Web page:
“True,” I said. “Utterly impossible.”
What I wanted to say (but didn’t) was this: every book I write feels utterly impossible to me.
I fully intend to track down the Impossible Horse; but in the meantime, I am using that piece of paper as a bookmark: a reminder that the utterly impossible is (sometimes) possible."

And I do love what another reader posted: if we don't succeed, we must remove all evidence we even tried - ha!

Kristin Espinasse

Just reading Mariannes email and want to thank her, and all of you who have sent in such helpful tips on how to go ahead with a project. Mom and I were on the phone last night, discussing all of your comments here. We are always amazed at the talent and brains we meet here, and wonder sometimes how we ended up a part of this group. Thanks for caring about what we say and do, and for your encouragement to keep growing and sharing. P.S. so many names to point out, when we say thanks for these excellent video-making tips, but I am always nervous about leaving so much as one person out. This is definitely one of those comment sections that will be reread, for guidance or motivation!

Lynda House

The only way I can ever achieve anything creative is to focus on it almost exclusively. I put all my energy into it and shut out all the domestic trivia so as not to dilute my efforts. It works for me. Great artistes are usually single minded. They delegate or ignore all the tasks that eat up their precious time and dilute their efforts.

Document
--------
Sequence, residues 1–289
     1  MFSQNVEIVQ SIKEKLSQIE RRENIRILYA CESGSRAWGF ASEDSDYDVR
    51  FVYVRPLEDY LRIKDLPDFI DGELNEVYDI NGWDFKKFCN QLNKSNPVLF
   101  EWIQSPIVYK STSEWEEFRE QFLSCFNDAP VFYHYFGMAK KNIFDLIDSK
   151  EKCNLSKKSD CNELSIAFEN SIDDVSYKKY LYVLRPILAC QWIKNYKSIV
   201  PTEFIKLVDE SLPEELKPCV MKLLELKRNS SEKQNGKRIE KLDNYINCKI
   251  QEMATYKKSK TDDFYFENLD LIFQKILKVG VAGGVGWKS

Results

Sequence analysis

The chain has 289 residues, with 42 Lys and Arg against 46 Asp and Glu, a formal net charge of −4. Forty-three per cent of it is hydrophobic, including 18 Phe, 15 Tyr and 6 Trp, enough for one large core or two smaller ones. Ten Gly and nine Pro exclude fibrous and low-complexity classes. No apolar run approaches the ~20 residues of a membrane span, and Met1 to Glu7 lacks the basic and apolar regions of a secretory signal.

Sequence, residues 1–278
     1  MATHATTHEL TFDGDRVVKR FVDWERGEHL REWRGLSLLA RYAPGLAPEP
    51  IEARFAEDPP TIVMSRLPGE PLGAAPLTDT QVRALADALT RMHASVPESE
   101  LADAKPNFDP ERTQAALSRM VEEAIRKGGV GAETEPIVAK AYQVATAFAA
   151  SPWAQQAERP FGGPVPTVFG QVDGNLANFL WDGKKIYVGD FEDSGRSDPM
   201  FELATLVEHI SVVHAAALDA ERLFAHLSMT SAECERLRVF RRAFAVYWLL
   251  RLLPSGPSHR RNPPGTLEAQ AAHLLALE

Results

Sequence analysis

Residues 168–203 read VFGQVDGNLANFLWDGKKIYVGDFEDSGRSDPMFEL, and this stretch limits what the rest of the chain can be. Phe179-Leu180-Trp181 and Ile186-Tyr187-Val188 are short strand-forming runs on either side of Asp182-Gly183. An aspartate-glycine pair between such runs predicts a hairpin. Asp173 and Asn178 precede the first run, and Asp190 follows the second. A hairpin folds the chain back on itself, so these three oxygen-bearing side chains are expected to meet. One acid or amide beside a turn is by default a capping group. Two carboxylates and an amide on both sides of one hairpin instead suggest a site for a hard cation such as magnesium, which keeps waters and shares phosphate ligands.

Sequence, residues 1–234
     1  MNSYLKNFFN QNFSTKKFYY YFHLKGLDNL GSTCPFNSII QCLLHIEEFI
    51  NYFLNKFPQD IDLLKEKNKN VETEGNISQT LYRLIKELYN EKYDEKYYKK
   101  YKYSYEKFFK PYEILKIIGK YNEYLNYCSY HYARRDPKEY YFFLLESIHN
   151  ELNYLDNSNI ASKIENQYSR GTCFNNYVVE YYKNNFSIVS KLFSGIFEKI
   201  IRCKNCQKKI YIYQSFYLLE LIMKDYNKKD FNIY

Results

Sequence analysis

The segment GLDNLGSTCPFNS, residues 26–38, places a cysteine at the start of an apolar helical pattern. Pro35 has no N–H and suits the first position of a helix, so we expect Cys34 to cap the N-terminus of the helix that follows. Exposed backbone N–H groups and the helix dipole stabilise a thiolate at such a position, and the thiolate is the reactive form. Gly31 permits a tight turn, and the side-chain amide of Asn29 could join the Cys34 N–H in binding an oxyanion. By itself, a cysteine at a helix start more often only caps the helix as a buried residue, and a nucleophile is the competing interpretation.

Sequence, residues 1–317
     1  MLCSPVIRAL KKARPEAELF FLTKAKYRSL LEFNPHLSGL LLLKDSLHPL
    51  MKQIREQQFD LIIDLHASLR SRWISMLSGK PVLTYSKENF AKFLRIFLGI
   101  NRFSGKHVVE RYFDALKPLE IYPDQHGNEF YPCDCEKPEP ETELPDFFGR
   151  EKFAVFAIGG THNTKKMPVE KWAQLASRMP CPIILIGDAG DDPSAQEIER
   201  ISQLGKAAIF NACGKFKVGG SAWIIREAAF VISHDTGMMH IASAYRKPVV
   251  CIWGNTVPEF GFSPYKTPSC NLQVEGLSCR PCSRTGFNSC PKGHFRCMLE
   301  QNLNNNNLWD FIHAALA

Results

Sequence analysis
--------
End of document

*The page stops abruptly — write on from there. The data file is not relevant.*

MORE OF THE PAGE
If I have to achieve something I don't want to do and keep procrastinating, then I break it down into one hour chunks and keep chipping away at it. Hey presto, it is soon done. I do this with my tax return, filing, weeding, sorting out my cupboards. But even then there has to be that focus to keep doing a bit every day!

But sometimes when I am in an unsettled place, I have to allow myself to have a few wilderness days, just to be, recharge my batteries and simply step off that hamster wheel for a while. Then I return with renewed vigour and start running again!

You have just had a big life change Kristi, perhaps you need a few wilderness days!

Mark Forster

It doesn't really mean "If at first you don't succeed, then try try try again." It's a quote from Boileau's poem "L'Art poetique".

Hâtez-vous lentement, et sans perdre courage,
Vingt fois sur le métier remettez votre ouvrage,
Polissez-le sans cesse, et le repolissez,
Ajoutez quelquefois, et souvent effacez.

So it's more about polishing and repolishing your work to get the best result.

Natalia

Hi dear Kristin,
Another wonderful post!
You have once again given us inspiration to believe that if things don't always work the first time around--well,it's not cause for self criticism. Just the oppsite! Take a deep breath and go for it again with renewed determination. THANK YOU for this
wonderful lesson!!!!!!!
Love, Natalia XO

SweetpeainFrance

Keep at it! How I admire what you do!

Sandy Vann

Salut Kristin,
Always inspiring...revealing, merci beaucoup.
Lovely to be a part of your blog group,
you brighten our hearts and cheer us on to pursue our creative endeavors.

Hugs, Sandy and Terry in St. Remy this week! Pouring rain, tomorrow looks much better.Looking forward to les marches de Noel
and so grateful to meet you.

Donna Grieder

http://www.mcsweeneys.net/articles/the-ultimate-guide-to-writing-better-than-you-normally-do

I just found this piece today and thought you would enjoy it.